Plot Development – Freytag’s Pyramid

In discussing plot structure I thought I’d start with the most basic premise – Freytag’s Pyramid.  This is derived from Gustav Freytag’s analysis of ancient Greek and Shakespearean drama.  I know…that sounds really dated, but it’s still relevant.  According to Freytag, a drama is divided into five parts: exposition, rising action, climax, falling action, and resolution.

Exposition – this provides the introduction of the story, the background information the reader needs in order to know (and care) about what is happening.  This is where the characters, the setting, and the conflict are introduced.  This is also where the inciting incident takes place.  This is the incident that triggers the conflict that drives the story.  It’s worth noting that the inciting incident may not be obvious at the time, but in looking back the reader should be able to see what “started everything in motion.”

Rising Action – this is the action that builds up and leads to the climax.  This will often also include actions in subplots and minor conflicts that propel the protagonist and antagonist along.  During this phase the tension builds, the pressure increases, and the consequences become more significant.

Climax – the watershed moment when the rising action reaches its peak.  At the climax the decisions and actions of the protagonist determine the outcome of the story.  This is the most dangerous, most stressful, and most critical point of the story.

Falling Action – these are the activities that occur after the climax.  They are the result of the climax and the point when the conflict between the protagonist and the antagonist unravels.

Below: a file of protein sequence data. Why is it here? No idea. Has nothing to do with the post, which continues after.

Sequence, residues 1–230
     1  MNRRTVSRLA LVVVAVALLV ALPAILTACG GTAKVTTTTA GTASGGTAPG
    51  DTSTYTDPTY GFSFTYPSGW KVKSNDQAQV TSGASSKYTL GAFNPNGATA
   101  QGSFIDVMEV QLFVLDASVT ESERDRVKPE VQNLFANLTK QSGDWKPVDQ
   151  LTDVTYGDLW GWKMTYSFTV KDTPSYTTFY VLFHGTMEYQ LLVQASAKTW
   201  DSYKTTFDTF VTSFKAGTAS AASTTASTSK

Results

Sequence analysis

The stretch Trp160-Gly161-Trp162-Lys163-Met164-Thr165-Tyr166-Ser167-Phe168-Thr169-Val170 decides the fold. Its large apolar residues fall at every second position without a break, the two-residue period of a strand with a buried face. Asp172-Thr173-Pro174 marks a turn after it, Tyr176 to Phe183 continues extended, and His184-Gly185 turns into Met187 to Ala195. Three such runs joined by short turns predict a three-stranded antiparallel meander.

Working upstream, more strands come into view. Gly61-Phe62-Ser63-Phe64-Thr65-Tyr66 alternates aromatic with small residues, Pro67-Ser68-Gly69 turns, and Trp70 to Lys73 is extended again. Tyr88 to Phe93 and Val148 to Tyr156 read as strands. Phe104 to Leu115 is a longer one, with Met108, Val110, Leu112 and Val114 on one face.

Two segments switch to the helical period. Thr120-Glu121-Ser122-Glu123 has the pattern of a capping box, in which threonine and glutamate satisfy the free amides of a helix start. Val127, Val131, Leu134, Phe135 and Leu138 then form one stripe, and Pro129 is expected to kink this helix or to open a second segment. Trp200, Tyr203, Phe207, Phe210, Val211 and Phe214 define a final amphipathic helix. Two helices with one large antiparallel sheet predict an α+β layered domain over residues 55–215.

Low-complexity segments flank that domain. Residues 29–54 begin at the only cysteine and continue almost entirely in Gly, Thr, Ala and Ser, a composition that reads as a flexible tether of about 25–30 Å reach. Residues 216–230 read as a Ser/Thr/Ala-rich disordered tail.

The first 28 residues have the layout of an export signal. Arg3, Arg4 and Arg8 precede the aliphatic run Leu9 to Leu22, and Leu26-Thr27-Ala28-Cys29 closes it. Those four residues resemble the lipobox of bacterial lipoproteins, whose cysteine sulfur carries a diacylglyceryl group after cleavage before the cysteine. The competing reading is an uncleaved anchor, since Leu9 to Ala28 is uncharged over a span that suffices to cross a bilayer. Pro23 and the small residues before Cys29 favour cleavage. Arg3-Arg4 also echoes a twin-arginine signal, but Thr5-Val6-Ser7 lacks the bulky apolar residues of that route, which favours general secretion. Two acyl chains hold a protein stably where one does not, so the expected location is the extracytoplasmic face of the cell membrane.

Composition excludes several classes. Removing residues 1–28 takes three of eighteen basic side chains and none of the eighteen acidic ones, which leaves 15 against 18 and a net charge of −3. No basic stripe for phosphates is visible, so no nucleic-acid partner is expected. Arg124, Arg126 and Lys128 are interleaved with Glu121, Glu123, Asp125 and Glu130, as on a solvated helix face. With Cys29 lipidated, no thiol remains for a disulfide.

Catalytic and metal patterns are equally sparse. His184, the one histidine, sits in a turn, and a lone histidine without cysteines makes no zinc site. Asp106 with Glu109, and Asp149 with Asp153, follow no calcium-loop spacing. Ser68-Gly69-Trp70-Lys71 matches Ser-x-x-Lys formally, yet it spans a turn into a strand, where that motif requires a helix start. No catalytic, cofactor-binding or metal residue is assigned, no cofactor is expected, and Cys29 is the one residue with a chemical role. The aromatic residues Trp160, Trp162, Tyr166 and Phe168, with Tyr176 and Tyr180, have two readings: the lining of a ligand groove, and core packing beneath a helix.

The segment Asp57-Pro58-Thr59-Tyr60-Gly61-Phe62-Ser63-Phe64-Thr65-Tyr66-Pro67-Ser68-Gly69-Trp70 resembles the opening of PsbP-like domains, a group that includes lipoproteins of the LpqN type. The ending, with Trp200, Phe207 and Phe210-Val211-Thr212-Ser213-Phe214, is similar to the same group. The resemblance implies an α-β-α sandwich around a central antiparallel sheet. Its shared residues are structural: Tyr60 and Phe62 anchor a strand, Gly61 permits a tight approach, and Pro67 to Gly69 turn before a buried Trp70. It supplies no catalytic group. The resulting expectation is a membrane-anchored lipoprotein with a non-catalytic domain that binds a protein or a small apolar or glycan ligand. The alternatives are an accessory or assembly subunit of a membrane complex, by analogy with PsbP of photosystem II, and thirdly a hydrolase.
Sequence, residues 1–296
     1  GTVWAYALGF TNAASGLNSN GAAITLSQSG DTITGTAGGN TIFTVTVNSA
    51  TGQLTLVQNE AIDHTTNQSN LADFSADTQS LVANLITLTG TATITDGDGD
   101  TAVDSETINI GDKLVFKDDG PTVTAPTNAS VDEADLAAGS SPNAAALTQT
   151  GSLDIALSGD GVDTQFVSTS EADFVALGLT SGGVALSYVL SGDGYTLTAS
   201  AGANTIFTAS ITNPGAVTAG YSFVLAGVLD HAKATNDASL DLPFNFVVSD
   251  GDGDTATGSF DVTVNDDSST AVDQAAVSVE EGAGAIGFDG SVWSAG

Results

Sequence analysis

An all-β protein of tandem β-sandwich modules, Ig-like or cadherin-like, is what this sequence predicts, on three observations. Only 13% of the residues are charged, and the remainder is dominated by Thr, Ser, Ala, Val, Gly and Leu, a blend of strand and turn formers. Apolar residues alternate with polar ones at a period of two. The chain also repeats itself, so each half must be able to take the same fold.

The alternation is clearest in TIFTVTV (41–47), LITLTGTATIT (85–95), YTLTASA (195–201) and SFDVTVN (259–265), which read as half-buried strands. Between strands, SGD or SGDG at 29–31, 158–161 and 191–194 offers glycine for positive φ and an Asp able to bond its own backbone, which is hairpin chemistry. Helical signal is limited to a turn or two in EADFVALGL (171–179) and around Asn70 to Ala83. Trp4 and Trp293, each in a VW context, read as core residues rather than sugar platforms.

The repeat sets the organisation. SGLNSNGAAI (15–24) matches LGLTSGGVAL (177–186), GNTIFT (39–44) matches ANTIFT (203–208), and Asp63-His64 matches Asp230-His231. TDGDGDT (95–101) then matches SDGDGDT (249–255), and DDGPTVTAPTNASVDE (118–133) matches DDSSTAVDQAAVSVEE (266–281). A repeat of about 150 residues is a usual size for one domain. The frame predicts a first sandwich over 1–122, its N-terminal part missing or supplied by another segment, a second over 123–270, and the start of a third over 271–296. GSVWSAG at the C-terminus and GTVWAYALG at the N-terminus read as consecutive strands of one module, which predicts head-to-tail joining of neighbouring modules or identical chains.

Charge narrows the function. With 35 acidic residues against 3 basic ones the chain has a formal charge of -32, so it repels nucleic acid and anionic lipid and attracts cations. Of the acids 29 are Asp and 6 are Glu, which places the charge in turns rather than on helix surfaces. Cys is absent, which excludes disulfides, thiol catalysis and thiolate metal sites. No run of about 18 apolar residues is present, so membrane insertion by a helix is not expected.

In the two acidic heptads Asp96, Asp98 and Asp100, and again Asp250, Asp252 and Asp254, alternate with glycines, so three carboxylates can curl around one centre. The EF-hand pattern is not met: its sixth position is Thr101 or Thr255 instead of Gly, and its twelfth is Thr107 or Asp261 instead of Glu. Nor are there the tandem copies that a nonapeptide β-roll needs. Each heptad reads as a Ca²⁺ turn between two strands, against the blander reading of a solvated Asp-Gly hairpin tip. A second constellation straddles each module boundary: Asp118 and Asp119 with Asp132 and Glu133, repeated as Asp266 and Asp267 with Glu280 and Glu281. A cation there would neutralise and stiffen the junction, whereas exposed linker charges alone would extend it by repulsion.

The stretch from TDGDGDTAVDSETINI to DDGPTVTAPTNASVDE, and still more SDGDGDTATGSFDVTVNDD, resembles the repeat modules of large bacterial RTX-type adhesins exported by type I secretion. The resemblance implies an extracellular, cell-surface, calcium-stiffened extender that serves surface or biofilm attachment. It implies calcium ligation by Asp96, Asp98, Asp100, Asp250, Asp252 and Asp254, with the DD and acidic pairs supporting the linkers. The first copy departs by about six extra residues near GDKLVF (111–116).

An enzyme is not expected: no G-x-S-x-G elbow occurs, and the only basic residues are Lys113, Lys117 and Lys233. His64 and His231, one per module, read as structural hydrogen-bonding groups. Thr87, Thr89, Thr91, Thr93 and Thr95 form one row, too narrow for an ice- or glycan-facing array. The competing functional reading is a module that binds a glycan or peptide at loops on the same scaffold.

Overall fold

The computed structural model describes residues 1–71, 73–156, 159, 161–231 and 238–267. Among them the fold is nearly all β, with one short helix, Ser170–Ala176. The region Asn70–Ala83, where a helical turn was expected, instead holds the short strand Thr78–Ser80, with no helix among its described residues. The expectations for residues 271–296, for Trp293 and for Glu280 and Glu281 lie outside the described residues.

Resolution – the end of the falling action and the conclusion of the story.  There is generally a release of tension and anxiety, a catharsis, and the point where the reader sees the final outcome of the conflict.

Although Freytag’s analysis is referred to as a pyramid, it isn’t geometric in shape.  The rising action takes place through the majority of the story and is generally gradual while the falling action is typically very brief at the end of the story and, therefore, somewhat steep.  So a pyramid is not really a very good visual tool to depict the five stages of the story.

There is also what I refer to as a modified pyramid.  This is Freytag’s pyramid with a little wrinkle where it appears that the climax has been reached and the falling action begins, then the reader realizes that the conflict is not resolved after all.  In fact, things are worse than before.  So there’s another steep spike of rising action to the actual climax before the conflict is truly resolved.

In this case I’m not talking about a continuation of the climax, like a scene in a movie where the bad guy is in custody then, all of a sudden, he wrestles a gun away from his captor and starts shooting again.  I’m talking about extended action.  For example, in Red Dragon Thomas Harris sets the scene where the hero, Will Graham, believes the serial killer he’s after, Francis Dolarhyde, has died when his house burns during what appears to be the climax of the novel.  But later, when the autopsies are done on the bodies found in the house, Graham learns that Dolarhyde was not killed in the fire and is, in fact, going after his family.  Incidentally, if you haven’t read Red Dragon I highly recommend it.  In my opinion it’s better than the subsequent stories featuring Hannibal Lecter.

So, that’s enough about formal plot structure.  In the upcoming articles I’ll get more into specific techniques for developing main plots and subplots, outlining, and story progression – as in linear progression vs flashbacks and memories.


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